Phytoplankton communities in freshwater lakes, ponds, and reservoirs may be dominated by cyanobacteria (also called blue-green algae) under certain environmental conditions. Cyanobacteria may cause a range of water-quality impairments, including the potential for toxin production. Cyanobacteria toxins (cyanotoxins) may adversely impact human and ecological health. Microcystins are considered to be one of the most commonly found classes of cyanotoxins in freshwater ecosystems, and as such were selected as a recreational indicator of water quality for the 2007 United States Environmental Protection Agency (EPA) National Lakes Assessment. However, much less is known about the occurrence of other classes of cyanotoxins in fresh surface water such as anatoxins, cylindrospermopsins, nodularins, and saxitoxins.
The 2007 National Lakes Assessment followed a probabilistic study design and was directed by the EPA, in partnership with States, Tribes, and other federal agencies of the United States, to provide an assessment of water quality in the Nation’s lakes, ponds, and reservoirs based on trophic status, and ecological and recreational indicators. Integrated photic zone samples were collected by the EPA, U.S. Geological Survey (USGS), States, and Tribes in target water bodies, generally at their deepest point, and analyzed for microcystins by the U.S. Geological Survey. The USGS assisted with this survey by providing technical expertise and enzyme linked immunosorbent assay (ELISA) analysis of microcystins for all survey samples as an indicator for recreational water quality. A small subset of samples (n=27) was analyzed by liquid chromatography tandem mass spectrometry (LC/MS/MS) by the USGS. Additionally, through partnership with the EPA National Health and Environmental Effects Research Laboratory (NHEERL), USGS analyzed all frozen samples by ELISA for two other classes of cyanotoxins, cylindrospermopsins and saxitoxins. Total cylindrospermopsins, microcystins, and saxitoxins were measured by enzyme-linked immunosorbent assay in a total of 1,331 samples from 1,161 lakes.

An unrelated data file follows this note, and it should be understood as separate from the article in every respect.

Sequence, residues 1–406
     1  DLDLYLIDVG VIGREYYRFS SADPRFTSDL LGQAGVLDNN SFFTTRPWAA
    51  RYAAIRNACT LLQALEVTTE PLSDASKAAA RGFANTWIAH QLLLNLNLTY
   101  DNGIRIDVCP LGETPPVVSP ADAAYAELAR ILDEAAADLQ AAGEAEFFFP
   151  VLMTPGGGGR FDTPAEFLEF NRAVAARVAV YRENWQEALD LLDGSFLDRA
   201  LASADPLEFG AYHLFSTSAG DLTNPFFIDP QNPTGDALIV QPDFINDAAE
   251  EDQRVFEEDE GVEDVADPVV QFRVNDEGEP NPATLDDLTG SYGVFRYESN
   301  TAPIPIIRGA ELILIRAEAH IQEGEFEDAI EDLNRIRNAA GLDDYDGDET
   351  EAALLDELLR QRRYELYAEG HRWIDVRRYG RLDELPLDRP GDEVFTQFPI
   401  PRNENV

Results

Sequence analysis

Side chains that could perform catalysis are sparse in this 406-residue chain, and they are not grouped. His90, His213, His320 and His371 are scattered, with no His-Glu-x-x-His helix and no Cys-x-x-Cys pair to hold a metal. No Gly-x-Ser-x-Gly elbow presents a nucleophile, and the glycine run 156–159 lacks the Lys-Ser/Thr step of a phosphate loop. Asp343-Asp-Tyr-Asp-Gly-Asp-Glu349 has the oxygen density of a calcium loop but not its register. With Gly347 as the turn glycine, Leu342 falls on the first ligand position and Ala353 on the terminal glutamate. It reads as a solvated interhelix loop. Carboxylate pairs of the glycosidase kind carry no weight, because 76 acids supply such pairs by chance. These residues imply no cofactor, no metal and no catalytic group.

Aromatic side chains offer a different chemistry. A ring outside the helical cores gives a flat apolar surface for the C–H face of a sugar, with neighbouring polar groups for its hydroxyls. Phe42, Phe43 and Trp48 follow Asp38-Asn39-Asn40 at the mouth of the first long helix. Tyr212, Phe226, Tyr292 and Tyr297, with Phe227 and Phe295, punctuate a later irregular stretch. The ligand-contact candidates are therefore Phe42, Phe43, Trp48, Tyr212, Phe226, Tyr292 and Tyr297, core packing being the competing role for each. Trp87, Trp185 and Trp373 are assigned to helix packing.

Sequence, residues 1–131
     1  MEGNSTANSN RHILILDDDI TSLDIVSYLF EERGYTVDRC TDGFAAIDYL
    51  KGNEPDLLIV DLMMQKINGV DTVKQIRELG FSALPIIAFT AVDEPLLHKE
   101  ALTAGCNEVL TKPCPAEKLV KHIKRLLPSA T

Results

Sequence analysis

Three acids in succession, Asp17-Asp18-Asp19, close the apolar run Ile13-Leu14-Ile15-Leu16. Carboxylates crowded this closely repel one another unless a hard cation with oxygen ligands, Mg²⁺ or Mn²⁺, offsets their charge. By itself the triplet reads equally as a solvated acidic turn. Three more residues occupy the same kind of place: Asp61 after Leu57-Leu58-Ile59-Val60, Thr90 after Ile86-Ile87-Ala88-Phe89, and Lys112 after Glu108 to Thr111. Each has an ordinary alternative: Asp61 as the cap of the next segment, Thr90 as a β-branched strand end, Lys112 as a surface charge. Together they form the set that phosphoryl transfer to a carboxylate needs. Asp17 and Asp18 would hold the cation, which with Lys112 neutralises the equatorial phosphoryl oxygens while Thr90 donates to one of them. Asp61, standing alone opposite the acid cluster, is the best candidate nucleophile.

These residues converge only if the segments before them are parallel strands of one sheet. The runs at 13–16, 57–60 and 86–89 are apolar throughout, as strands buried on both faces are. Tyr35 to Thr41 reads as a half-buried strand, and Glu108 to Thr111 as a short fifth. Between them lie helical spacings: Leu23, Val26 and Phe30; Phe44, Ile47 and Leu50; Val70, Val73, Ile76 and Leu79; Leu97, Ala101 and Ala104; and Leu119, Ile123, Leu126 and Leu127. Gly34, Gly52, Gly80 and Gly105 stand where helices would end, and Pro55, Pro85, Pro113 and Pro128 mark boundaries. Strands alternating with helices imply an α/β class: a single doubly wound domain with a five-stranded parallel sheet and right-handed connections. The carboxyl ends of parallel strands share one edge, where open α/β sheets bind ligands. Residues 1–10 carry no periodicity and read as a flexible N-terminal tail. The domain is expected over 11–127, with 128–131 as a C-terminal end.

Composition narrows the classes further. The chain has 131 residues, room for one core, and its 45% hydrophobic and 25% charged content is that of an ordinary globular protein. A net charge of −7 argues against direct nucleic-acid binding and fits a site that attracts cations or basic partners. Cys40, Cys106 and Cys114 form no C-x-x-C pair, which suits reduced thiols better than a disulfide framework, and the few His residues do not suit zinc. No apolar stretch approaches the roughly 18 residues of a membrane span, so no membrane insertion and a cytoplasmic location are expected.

Samples from this study had detection frequencies of 4.0, 32 (unweighted), and 7.6 percent, mean concentrations (detections only) of 0.56, 3.0, and 0.061 micrograms/L (μg/L), and maximum concentrations of 4.4, 230, and 0.38 μg/L for cylindrospermopsins, microcystins, and saxitoxins by ELISA, respectively in visit 1 and visit 2 samples. Microcystin ELISA results were categorized based on World Health Organization recreational surface-water guidelines for the relative probability of adverse health impacts because of microcystin exposure. The dataset described in this report is the first ever national reconnaissance of cyanotoxins in the United States.
At least one microcystin congener was detected by LC/MS/MS in 52 percent of the 27 samples analyzed at a concentration greater than the LC/MS/MS minimum reporting level (MRL) of 0.010 μg/L and included detections for microcystin-LA, microcystin-LR, microcystin-LY, microcystin-RR, and microcystin-YR. Anatoxin-a, cylindrospermopsin, and nodularin-R were detected in 15 percent, 7 percent, and 4 percent of samples, respectively, at concentrations above 0.010 μg/L. Deoxycylindrospermopsin, domoic acid, lyngbyatoxin-a, microcystin-LF, microcystin-LW, and okadaic acid were not detected in the LC/MS/MS subset.
|Title||Total cylindrospermopsins, microcystins/nodularins, and saxitoxins data for the 2007 United States Environmental Protection Agency National Lake Assessment|
|Authors||Keith A. Loftin, Julie E. Dietze, Michael T. Meyer, Jennifer L. Graham, Megan M. Maksimowicz, Kathryn D. Toyne|
|Publication Subtype||USGS Numbered Series|
|Series Title||Data Series|
|Record Source||USGS Publications Warehouse|
|USGS Organization||Kansas Water Science Center|